I’m leaving the blackout curtains open because surely, waking up to sunlight beats getting jolted awake by “Moon Discovery” from Samsung.
I’m still setting up the alarm, though.
Actually, alarms, plural.
There’s no chance I will ever wake up naturally this early.
The sun will rise before I’m supposed to, at 6 a.m.
On the bright side—pun intended—when the sun rises around here, it stays where it’s fucking supposed to be, up in the sky, bright and hot.
Occasionally setting up my alarm at 6 a.m. to go to the beach is a masochistic move I had to get used to in Brazil. Somehow, I think this is not what the “early risers are more successful” team had in mind with their endless propaganda aimed at convincing the rest of us that yes, we can change, it’s just a mindset.
I’m not setting up the alarm at 6 a.m. to perform, be productive, and all that crap.
I’m just going to the beach—a great one, according to Brazilians.
And I’m totally planning on napping on the beach if needed, take that, early bird productivity!
I try to sign up for passeios (excursions) everywhere I stop. It’s a cheap way to explore the region when you don’t have a car, and the deal is usually pretty straightforward—get picked up by a van, get dropped off at a beach or two, find the van at the end of the day and get dropped off at your place.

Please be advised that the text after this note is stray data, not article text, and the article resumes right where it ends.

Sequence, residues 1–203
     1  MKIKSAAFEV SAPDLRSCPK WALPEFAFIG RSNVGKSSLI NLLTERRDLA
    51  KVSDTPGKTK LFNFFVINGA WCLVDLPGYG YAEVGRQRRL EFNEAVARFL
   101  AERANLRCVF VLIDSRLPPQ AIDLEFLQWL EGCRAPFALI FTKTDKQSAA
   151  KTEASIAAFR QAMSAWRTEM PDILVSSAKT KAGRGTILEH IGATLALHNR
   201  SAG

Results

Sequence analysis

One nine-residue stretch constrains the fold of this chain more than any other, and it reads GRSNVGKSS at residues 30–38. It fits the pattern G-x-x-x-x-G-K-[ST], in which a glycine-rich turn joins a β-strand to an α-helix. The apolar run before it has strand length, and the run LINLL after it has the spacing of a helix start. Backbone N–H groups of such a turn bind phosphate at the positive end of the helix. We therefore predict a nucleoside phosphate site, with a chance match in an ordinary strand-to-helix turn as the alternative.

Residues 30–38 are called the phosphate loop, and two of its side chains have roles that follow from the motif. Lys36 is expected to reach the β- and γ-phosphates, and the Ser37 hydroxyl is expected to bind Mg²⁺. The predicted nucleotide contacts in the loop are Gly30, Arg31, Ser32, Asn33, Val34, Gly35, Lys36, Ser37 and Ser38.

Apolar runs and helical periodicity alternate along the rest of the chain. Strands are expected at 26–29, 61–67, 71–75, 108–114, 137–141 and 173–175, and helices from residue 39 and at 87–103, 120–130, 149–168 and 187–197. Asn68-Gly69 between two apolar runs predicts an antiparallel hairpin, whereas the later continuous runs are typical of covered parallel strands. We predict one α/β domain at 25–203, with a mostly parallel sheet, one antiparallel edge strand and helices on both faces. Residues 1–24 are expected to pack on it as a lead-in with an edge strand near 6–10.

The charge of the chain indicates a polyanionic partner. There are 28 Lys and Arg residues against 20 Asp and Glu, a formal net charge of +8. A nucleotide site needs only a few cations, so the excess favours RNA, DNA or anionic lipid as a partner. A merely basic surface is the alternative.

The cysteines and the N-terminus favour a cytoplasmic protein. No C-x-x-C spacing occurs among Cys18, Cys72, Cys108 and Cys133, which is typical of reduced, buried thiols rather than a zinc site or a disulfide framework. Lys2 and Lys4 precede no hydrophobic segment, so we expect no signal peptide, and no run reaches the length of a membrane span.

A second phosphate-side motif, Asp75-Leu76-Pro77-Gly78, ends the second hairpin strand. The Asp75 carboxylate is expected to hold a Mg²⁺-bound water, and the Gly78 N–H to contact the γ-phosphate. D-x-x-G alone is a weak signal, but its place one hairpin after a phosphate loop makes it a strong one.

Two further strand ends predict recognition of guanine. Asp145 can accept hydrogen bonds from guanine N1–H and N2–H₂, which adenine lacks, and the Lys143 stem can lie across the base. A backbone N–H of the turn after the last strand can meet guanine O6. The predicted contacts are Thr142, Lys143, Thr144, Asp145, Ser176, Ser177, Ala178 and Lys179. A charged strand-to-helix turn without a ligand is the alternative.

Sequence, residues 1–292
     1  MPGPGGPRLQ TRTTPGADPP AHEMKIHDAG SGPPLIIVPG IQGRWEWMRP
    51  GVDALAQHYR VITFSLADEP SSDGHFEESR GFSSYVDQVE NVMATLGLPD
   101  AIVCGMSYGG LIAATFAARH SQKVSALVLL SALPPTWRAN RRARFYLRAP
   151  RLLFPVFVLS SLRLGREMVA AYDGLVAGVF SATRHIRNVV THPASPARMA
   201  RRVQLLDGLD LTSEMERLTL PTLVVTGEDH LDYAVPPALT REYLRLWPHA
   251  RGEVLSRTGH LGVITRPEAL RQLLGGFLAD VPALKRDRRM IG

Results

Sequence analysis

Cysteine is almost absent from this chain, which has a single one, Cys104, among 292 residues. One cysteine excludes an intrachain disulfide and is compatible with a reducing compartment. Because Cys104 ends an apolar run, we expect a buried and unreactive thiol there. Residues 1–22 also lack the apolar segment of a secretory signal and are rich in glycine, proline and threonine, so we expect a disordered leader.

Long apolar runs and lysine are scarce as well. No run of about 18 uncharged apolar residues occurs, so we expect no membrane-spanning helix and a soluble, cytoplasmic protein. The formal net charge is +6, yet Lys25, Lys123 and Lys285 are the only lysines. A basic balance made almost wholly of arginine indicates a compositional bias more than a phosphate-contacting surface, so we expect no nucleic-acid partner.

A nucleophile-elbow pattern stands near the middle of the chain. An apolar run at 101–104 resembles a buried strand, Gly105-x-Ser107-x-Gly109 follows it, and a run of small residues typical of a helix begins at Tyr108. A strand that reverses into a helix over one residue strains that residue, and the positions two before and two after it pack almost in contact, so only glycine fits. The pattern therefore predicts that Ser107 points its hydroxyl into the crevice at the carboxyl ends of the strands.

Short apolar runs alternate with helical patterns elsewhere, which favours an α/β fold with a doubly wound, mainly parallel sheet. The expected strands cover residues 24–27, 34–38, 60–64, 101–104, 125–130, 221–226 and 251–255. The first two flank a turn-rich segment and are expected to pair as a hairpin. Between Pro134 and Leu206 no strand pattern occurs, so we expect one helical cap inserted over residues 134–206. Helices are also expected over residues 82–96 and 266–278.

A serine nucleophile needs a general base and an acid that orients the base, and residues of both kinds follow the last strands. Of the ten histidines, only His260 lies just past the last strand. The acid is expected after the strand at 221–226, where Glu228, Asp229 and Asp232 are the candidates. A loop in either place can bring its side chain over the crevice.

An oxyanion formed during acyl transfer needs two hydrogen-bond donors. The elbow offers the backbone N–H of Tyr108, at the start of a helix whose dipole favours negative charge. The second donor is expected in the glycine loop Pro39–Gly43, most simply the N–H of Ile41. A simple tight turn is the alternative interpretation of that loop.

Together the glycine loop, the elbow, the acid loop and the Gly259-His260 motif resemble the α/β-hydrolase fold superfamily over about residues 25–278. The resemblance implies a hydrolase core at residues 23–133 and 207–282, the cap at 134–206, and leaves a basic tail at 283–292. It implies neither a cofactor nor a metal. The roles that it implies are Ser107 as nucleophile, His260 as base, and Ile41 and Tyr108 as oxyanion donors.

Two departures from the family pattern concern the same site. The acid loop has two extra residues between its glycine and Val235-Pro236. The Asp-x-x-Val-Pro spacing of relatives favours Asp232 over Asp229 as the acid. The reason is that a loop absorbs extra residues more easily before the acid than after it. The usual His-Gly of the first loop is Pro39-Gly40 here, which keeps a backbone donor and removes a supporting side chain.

The only “issue” is that the typical pickup time is ridiculously early. I gave up on the idea of passeios in Fortaleza (pickup time was 5:30 a.m..….). Natal was a bit better, 7:30 a.m. João Pessoa was even better, 8:30 a.m.
But in Maceió, it’s 7 a.m. for the closest beaches—and it’s 5 a.m. for further destinations, like Maragogi.
Honestly, I have no idea when Brazilians sleep. They seem to be early birds, night owls, and madrugada people. They eat a hearty breakfast but you can always spot crowds in bars at 4 a.m.
Coffee. I guess it helps. Everybody drinks a lot of coffee in Brazil, including me.
I signed up for Praia do Gunga, 35 kilometres from Maceió.
It was already 38⁰C at 9 a.m. when we got there (yes, it took a while to pick up everybody, there were about ten of us).
Praia do Gunga is lovely. It’s a long, long beach, with hundreds of coconut trees and natural pools full of fishes you can easily reach by boat. It was worth getting up early for.
However, these are also the hottest hours, and the light is terrible for pictures. So if I ever start a tour company in Brazil, we will leave around 10 a.m., alright?
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